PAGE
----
So you can see, accepting to keep this computer for another year is not an easy sacrifice. I now back up my computer almost every day because i expect it to blow up at any time. But, i really want those two courses. And i'll be gone for three months so by the time i get back in late July, i'll have forgotten that this was a questionable decision. When i get back, they'll just be there on the book shelf crying to be opened and all will be well.

Besides, i canceled my TV Japan subscription and that saves me about $40/month, i canceled caller ID on my phone and that saves me about $10/month, and now that summer is coming i will almost never drive my car so that could save another $20/month. I think this is doable. Easily. With these cuts in the budget, the DVDs are almost a freebie; i'll never notice the expenditure.

And i'll learn something new, something enjoyable, and something incredibly important to life — the basics of classical music theory.


With just two weeks of riding left before i leave on the TransAm ride, i'm supposed to be out there riding 50 miles a day with all my panniers on board and loaded. But, i'm not. Riding in these constant winds is already hard enough, i just can't make myself add to the work load by hanging 4 sails on the side of my bike. I do ride with my small(ish) run around town library/grocery store panniers, but i carry those just to hold a jacket, my thermos of tea, and some lunch.

These flags can tell you more about today's winds than a paragraph of my words. I snapped this on the way home, so this is what i was fighting all the way south and southeast, and as crosswinds on the western portions of the ride back home.

Then to top it off, i got curious about a road i hadn't ridden on before, and after a few miles, .... it turned into a gravel road; rather new gravel, so thick and soft from time to time. Needless to say, it wasn't fast (i ended up in 1st gear plodding along at about 5 mph) — although the scenery was beautiful.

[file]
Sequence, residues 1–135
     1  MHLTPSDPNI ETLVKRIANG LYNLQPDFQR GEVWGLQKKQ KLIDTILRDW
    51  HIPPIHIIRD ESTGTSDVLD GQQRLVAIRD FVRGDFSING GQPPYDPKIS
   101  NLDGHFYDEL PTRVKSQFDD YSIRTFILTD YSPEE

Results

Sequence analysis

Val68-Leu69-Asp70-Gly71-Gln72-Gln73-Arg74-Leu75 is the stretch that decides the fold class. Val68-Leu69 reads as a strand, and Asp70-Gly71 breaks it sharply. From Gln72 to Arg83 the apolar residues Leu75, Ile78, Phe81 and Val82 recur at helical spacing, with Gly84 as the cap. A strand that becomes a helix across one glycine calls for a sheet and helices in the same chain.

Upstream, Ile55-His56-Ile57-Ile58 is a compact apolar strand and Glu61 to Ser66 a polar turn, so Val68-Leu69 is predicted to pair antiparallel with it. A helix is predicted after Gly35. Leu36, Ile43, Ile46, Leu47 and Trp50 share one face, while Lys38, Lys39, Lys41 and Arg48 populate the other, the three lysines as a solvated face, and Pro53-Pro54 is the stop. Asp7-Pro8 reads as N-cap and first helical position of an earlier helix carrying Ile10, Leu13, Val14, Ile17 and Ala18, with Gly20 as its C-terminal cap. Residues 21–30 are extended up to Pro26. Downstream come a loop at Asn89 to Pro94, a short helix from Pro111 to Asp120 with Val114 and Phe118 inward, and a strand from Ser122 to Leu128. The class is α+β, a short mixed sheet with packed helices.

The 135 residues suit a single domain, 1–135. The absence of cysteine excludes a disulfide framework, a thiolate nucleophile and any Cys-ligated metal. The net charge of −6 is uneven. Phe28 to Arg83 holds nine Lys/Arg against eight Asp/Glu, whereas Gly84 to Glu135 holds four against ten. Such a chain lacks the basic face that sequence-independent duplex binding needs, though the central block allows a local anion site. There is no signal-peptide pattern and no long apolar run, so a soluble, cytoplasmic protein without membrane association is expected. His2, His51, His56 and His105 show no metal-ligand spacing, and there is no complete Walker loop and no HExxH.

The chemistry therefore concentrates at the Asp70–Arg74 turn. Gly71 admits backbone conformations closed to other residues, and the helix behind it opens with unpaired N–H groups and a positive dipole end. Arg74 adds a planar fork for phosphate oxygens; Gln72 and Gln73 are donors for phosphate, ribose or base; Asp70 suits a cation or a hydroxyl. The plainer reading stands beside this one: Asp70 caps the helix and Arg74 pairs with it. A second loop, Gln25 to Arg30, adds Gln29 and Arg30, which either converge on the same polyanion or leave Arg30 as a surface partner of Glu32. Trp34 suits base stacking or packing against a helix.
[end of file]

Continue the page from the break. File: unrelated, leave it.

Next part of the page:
I'm a farm boy at heart, i think, because i feel very comfortable when there are farms and fields around. For most of my rides, since i ride to the south, this is what i see:

With another sheepish grin, i'll confess that i threw in the towel early today and came home after 38 miles, even though it felt like 58 miles and i'm pooped.

Friday, April 9, 2010

Testing sending a short message from my mobile phone. Beautiful weather today!

Reinventing Who You Are

DHS 149

Not quite, but very close to full bloom:

Four or five years ago i threw an old door mat at the foot of the stairs of my front porch because i was doing some work there. About a week later, i noticed that it had reinvented itself and made a new life as the home of some beautiful moss. It has been doing it's job well over the years and i just can't make myself remove it. In fact, i'm thinking of throwing down another one next to it.

Which reminds me of another of Mary Oliver's beautiful poems:


Isn't it plain the sheets of moss, except that
they have no tongues, could lecture
all day if they wanted about

spiritual patience? Isn't it clear
the black oaks along the path are standing
as though they were the most fragile of flowers?

Every morning I walk like this around
the pond, thinking: if the doors of my heart
ever close, I am as good as dead.

Every morning, so far, I'm alive. And now
the crows break off from the rest of the darkness
and burst up into the sky--as though

all night they had thought of what they would like
their lives to be, and imagined their strong, thick wings.

New And Collected Poems: Volume One
Mary Oliver

God, don't let me die
Unless my body goes too.
Without dreams, what then?

Thursday, April 8, 2010

Rock 1-Toe 0: But Gensha Wins The Match

DHS 148

"If you really understand yourself,
everything else
nothing but your life.
That's where the place of no yin and yang is.
See. Dogen Zenji says here,
'If one examines the ten thousand dharmas
with a deluded body and mind
one will suppose that one's mind and nature are permanent.
But if one practices intimately and returns to the true self
it will be clear that the ten thousand dharmas are without self.'
Always somehow this is the key.
We are so much caught up by the self, see.
Always I, mine, me.
I have a problem
I have a pain
I have a friction
I am unhappy.
Return to the true self intimately and see
ten thousand dharmas are without self.
Then what happens?
Ten thousand dharmas become your life
and that's what true self is.
Gensha says,
'The world in the ten directions—
nothing but one bright jewel.'
Chosa says, 'Ten thousand dharmas—
the world in the ten directions
is nothing but the true body.
The true human body,
that's what all ten directions are.'
What kind of awareness is that?

Gensha's ten directions are nothing but
one bright jewel.
When you really see your life
with that wisdom
everything is nothing but your life.

Later when Seppo was getting old
there were 1500 monks.
Being one of those hundreds of monks
what can you do?
So two years [Gensha] was there;
then he decided to go some place else.
Maybe he was thinking
'There are too many monks staying here.
Maybe it's not so great.